The main challenge we found was harmonizing all those regional processes, sometimes through acquisitions, you have regional offices that never really drank the Kool-Aid. To me, that was one of the hardest challenges and it meant delays in terms of designing the solution because we had to invest to make sure that everyone was aligned as opposed to trying to rush through and not getting that buy-in. I think that was the main challenge we found.
Marcelo: Excellent. Building the right relationships looks like is something extremely important for driving these transformations, right?
William: And truly and genuinely allowing those individuals to contribute to the design of the solution, not just as a checkbox, but they can actually see, "Oh, I actually recommended that." Or, "They changed that because of what I said." And again, you gain trust and you gain credibility that you get it.
Marcelo: Let's talk about culture. Many times I visit some of our clients or talk to some of our colleagues and we always say transformations are about a cultural shift, building this growth mindset or agile mindset. We can all describe what the mindset is. There are many, many different representations of that but tell us how do you really create the culture of transformation and specifically the right mindset within the IT organization to drive to those business outcomes that you were mentioning at the beginning of this interview?
William: I think IT departments have a history or a perception from the business side of they think that-- well, IT always thinks they know what's best or they think they're smarter than everyone else. Sometimes they sit at a corporate office and they don't interact with the operations or the field. Usually, I use a phrase to develop that internal empathy culture inside of IT. I basically, in every other meeting that I have, whenever we have new team members, I always say, "Well, just keep something in mind. Our operational and sales teams, they're out there in front of our clients. They hunt what we eat."
I pause for a second and look around and let them marinate those words because it's true. It's true. Well, you can argue that without IT, those functions wouldn't exist, but the other way around is true, without the business, IT wouldn't really have something to do. That is a very simple phrase that starts developing that empathy that they're the ones out there in the trenches with the bullets flying around, having the clients scream at them, and when we hear someone come in not following an SLA or asking for something at the last minute, the initial inclination as a human nature is to think, "Well, why is this person lazy?" Or, "Why is this person not following the procedure?"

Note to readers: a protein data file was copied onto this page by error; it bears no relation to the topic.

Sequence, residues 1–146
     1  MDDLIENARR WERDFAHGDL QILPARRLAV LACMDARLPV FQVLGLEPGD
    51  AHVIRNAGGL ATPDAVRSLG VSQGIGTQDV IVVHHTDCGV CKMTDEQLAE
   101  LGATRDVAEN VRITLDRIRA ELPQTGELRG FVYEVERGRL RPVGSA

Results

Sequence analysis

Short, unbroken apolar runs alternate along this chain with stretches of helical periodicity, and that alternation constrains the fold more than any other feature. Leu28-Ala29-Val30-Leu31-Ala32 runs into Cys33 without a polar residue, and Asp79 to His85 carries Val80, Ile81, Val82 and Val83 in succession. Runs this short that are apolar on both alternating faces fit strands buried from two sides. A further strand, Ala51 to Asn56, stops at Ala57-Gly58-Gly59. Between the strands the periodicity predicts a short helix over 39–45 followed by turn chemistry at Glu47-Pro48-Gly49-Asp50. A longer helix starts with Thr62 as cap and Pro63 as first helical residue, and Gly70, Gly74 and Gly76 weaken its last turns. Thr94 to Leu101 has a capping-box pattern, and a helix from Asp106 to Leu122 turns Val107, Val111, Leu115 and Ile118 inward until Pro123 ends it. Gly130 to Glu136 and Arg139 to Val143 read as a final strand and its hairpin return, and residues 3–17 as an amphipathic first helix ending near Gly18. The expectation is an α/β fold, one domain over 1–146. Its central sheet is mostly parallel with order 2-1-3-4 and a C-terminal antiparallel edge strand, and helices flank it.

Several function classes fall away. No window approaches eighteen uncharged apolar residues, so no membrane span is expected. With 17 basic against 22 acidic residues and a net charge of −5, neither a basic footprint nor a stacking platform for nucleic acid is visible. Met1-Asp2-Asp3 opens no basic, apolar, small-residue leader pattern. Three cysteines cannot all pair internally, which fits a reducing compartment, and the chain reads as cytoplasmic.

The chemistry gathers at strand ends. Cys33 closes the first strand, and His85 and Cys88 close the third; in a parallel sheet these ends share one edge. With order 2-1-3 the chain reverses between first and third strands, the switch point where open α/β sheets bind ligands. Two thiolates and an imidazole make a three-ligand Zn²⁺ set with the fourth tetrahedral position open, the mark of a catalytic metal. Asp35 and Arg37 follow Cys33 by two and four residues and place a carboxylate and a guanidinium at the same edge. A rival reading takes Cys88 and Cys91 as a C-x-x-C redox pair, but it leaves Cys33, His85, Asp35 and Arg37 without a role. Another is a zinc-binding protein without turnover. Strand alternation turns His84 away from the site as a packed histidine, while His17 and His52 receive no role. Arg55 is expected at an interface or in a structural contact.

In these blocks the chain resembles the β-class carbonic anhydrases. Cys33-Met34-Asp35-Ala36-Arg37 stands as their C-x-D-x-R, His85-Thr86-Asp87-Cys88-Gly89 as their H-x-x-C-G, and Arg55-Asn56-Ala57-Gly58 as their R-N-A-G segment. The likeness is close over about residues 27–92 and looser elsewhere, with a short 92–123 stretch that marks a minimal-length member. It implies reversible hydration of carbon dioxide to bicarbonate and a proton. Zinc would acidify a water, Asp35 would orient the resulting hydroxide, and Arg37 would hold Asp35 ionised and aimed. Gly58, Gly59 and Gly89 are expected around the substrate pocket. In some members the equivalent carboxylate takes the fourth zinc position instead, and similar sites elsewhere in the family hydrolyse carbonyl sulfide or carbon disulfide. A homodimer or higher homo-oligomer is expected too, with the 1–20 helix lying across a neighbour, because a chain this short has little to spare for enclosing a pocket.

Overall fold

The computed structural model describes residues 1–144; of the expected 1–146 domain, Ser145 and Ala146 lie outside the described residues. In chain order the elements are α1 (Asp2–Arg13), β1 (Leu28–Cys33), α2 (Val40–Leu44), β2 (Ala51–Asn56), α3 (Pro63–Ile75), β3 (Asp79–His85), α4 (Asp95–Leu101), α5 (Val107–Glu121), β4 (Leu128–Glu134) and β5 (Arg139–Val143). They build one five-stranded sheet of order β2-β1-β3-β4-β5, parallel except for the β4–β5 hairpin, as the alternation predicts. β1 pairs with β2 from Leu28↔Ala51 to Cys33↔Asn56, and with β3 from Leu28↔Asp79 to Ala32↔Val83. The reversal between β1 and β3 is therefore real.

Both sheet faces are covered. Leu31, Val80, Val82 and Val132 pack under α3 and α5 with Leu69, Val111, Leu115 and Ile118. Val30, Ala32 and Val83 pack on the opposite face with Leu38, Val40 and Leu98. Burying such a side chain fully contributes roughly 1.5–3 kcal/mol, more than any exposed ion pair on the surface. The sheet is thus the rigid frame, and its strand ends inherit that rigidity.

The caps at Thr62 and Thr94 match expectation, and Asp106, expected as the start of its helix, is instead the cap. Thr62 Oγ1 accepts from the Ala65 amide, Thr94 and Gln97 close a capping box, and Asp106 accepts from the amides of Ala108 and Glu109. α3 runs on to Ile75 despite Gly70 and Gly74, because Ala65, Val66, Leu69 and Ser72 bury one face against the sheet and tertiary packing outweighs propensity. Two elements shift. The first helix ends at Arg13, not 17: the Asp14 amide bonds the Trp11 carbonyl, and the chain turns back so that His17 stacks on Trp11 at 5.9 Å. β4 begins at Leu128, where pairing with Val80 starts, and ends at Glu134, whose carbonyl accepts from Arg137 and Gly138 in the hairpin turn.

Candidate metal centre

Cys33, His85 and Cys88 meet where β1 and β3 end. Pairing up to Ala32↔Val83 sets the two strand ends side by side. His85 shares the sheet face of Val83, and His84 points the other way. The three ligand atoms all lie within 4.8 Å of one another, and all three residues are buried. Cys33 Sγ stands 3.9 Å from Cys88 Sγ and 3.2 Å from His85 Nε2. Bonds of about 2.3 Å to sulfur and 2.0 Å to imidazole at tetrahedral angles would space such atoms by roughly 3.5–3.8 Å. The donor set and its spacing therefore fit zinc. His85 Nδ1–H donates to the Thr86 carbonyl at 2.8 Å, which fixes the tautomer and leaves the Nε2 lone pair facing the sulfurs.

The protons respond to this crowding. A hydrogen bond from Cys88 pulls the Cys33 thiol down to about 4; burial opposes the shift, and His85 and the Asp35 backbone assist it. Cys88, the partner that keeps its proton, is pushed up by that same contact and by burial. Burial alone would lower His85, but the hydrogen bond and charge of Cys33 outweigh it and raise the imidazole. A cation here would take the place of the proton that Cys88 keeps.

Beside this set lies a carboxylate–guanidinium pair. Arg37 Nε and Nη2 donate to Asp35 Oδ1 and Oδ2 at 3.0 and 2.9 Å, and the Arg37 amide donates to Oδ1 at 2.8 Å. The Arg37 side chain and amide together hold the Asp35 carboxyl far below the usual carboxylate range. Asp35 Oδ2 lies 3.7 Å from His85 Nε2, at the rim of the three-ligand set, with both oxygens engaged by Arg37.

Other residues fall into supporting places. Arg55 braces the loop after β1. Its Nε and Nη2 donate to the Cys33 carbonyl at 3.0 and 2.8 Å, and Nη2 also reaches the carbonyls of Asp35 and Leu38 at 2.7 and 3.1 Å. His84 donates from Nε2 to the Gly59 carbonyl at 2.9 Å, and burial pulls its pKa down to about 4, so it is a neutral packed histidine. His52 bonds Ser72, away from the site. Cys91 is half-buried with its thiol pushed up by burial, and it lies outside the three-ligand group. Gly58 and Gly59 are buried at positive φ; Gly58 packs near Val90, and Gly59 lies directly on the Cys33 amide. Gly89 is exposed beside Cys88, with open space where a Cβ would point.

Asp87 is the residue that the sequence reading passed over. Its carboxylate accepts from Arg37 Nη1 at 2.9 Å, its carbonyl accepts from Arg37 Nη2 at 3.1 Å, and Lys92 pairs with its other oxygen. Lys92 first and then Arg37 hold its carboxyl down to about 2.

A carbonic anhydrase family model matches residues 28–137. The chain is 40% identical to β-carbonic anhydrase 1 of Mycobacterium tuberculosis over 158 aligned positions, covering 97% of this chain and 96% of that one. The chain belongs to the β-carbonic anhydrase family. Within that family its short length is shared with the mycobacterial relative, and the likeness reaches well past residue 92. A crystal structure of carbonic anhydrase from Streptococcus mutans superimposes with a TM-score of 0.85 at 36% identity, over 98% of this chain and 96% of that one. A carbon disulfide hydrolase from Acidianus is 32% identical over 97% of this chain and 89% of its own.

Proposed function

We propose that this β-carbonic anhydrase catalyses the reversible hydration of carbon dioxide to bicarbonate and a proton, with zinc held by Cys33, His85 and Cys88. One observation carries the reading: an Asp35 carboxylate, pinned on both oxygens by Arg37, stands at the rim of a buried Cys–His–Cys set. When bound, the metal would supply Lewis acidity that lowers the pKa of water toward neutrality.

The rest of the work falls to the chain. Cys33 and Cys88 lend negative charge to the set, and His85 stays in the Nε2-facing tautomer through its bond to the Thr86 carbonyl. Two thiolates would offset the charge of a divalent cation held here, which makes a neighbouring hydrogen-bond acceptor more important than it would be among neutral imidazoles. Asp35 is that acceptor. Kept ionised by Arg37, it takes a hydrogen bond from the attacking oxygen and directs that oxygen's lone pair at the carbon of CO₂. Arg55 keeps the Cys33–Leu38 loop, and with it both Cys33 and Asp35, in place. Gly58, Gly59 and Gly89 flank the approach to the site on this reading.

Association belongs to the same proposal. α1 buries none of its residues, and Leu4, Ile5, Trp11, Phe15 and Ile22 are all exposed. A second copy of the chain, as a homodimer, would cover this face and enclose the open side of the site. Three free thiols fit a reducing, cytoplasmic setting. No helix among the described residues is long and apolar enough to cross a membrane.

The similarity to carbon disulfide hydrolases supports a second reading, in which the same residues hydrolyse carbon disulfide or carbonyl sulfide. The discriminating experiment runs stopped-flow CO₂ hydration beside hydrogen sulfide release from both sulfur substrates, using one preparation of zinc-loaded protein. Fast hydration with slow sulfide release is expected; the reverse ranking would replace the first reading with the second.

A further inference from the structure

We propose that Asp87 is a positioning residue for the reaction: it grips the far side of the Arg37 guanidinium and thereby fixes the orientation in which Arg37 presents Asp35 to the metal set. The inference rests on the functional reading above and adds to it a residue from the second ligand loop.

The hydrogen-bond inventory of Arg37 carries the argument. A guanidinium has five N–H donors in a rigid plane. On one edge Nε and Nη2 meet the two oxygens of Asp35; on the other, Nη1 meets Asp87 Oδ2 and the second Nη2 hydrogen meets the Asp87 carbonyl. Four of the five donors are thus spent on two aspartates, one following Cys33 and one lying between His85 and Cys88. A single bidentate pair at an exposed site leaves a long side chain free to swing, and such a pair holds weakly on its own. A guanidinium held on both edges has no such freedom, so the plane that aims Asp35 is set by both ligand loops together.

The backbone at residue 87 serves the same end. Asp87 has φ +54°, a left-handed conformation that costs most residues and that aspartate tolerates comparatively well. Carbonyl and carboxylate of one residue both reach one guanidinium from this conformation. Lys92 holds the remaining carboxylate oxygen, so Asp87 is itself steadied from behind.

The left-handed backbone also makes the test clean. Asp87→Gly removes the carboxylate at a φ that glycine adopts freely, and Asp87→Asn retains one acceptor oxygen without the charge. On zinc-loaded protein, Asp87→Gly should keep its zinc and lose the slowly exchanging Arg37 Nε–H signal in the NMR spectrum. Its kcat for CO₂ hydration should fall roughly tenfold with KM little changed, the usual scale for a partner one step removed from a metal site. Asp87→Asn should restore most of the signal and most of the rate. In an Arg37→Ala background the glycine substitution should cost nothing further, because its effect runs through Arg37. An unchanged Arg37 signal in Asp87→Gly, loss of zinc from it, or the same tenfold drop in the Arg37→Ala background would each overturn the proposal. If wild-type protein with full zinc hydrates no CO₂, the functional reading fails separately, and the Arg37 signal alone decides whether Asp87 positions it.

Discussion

When in reality, 99% of the time, there's a reason a client or customer, will let a reason behind that situation. When you look at it, when you position it that way, then it creates a change of a mindset that, "You know what? I need to help this person because it's not about us, it's not about them, it's about the client." Ultimately, that should be the focus of everyone in the corporation, to make sure the client is at his best.
I've used that internally in IT throughout the years in my different companies where I've been a CIO, and that has been very successful. It's a very simple phrase, but it is doing very successful at driving that empathy from the beginning and changing the mindset of a culture inside IT to more of a customer-focused culture. Even outside of IT, you also need to foster some of this digital transformation culture in the different teams that are going to be part of those initiatives.
Usually, that's done through basically going out there to the field and basically visiting the client sites, being on the field with them and just listening and learning from them when embedding those concepts into the solution and they see you as a peer as opposed to someone who's trying to tell them what to do. That culture, it's a little bit more difficult to influence, but it's not impossible, and definitely when you demonstrate value again, even with small things, it's definitely transforming in terms of culture.